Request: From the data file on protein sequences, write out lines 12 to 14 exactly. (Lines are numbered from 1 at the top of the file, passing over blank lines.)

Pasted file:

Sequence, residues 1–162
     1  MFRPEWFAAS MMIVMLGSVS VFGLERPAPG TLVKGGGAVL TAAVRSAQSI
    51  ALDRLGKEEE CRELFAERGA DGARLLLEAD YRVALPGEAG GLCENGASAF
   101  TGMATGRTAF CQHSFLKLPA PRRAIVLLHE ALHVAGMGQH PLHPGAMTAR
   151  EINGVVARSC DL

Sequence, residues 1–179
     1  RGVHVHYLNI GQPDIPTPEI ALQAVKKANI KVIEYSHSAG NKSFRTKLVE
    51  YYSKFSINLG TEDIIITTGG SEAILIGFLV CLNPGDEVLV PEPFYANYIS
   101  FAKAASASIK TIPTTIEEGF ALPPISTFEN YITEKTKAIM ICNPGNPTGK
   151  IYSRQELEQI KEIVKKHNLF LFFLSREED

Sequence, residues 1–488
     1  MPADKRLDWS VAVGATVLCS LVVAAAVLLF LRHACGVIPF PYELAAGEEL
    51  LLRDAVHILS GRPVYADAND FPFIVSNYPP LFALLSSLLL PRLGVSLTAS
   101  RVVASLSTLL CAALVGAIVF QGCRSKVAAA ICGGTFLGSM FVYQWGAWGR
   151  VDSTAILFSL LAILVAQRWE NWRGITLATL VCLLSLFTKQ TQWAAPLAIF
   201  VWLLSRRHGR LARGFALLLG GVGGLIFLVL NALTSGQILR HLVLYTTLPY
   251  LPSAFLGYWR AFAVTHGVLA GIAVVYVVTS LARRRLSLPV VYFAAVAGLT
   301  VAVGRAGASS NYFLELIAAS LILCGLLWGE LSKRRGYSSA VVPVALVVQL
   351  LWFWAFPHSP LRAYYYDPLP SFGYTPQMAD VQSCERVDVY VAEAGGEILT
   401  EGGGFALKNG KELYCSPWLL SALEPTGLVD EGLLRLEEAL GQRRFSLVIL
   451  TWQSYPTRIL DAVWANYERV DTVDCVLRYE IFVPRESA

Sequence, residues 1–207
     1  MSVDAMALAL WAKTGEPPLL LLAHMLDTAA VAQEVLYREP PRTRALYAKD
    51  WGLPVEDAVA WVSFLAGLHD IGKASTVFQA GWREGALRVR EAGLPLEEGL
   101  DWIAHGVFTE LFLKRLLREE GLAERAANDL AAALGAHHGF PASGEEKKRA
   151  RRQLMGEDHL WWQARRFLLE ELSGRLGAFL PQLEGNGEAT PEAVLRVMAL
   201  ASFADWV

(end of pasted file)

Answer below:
     1  MPADKRLDWS VAVGATVLCS LVVAAAVLLF LRHACGVIPF PYELAAGEEL
    51  LLRDAVHILS GRPVYADAND FPFIVSNYPP LFALLSSLLL PRLGVSLTAS
   101  RVVASLSTLL CAALVGAIVF QGCRSKVAAA ICGGTFLGSM FVYQWGAWGR